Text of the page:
Jules Chéret (1836-1932) was the first master of Belle Époque poster art. After training in lithography in England, he became one of the first champions of new color lithographic methods. Taking after French rococo masters Fragonard and Watteau, frothy visions of young women in frivolity became his signature. He was awarded the Legion of Honor in 1890, and initiated the Maîtres d’Affiche collection in 1895.
In the 1880s, poster art was just emerging from the drabness of letterpress announcements showing little but black type. Chéret’s airy images were so startlingly bright and fresh on the walls of Paris that they attracted many admirers and earned his sprightly women the appellation of “Chérettes.” Note that this is the rare, unaltered version of the design that was rejected by censors. Apparently this quartet of mermaids was too alluring for the restrictionists who were just beginning to flex their puritanical muscles at this time. They didn’t accept the poster until Chéret lengthened their hair until it partly veiled their breasts. All known copies of this poster are unsigned. This is a two-sheet poster—and rare!
Maindron makes it clear that it was Chéret who invented “placards décoratifs, which are neither prints nor posters, but which contain a bit of both… There is nothing to say about these designs other than that they are perfect” (Maindron, p. 178-79). Abdy calls these four decorative panels “triumphs of color and printing” (Abdy, p. 31). Being freed from having to sell a product, Chéret lets his imagination soar—and these light-footed nymphs representing the Four Arts are the first clear examples of what was to adorn the walls of Paris for the next decade: the unabashedly hedonistic, carefree spirits that became known as “Chérettes.” (4)
More merry and carefree than its romantic counterparts, this poster for the Palais de Glace showcases ice skating in all its welcoming, wild abandon.
The eye mask does nothing to conceal the charm of this lovely reveler whose dazzle throws all other participants into shadowy insignificance. Not only was this delectable design used to promote the first grand masked ball of the 1896 season, but it was also utilized to call attention to various subsequent masked balls.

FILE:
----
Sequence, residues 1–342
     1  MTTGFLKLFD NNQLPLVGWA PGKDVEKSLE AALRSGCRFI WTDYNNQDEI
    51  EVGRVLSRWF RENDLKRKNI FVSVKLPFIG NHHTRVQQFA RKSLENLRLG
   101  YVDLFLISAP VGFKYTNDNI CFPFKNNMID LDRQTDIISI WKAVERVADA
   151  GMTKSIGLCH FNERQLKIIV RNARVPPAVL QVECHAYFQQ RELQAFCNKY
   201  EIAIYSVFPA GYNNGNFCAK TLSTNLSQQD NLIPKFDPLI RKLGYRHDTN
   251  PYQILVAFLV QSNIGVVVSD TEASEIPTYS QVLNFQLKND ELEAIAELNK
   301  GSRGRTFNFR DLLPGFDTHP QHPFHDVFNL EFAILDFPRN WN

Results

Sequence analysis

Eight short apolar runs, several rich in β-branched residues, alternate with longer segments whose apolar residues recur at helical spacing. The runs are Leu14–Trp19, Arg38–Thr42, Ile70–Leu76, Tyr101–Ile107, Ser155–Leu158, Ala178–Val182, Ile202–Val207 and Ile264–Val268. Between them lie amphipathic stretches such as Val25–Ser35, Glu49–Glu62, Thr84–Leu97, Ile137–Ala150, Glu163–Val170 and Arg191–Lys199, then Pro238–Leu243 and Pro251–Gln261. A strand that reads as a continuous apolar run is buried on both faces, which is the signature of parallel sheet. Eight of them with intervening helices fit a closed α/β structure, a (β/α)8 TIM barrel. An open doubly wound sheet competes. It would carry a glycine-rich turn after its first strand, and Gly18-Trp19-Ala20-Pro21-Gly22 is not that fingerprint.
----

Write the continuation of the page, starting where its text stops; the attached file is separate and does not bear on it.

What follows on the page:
Chéret often incorporated characters from commedia dell’arte in his works; here, Polichinelle is the star of the show. Born in 1620, Polichinelle became a stock character in Neapolitan puppetry and has taken many guises throughout the centuries. Here, Chéret gives him a bright red costume that makes the dancing figure appear to burst right off the page. Behind him, we find his dancing companions awash in characteristic pastels.
Chéret was a masterful lithographer, but here he proves his mastery of painting as well. This intimate portrait of a young seated woman is carefully composed with daubs of oil which accumulate to form a lifelike and lovely personality. The woman smiles tenderly as she gazes off into the distance; her Victorian garments are represented in detail, down to the lacy frills and floral details on her sleeves.
“[Chéret’s] use of pastels—an art that was revived at the time as an allusion to the eighteenth century and was used notably in fin de siècle portraits of ladies—reveals the same brilliance of colour and bold, vivid harmonies in fine portraits of both men and women…” (Chéret/Pioneer, p. 44). Indeed, in this sensitive pastel drawing, Chéret proves his meticulous understanding of color and composition. The woman’s teal dress is reflected in the many blues of the impressionistic background, while her orange flower adds a strong dose of contrast. And while Chéret’s muses are often whimsical and ethereal, this contemplative model allows us to see his more discerning capabilities for portraiture.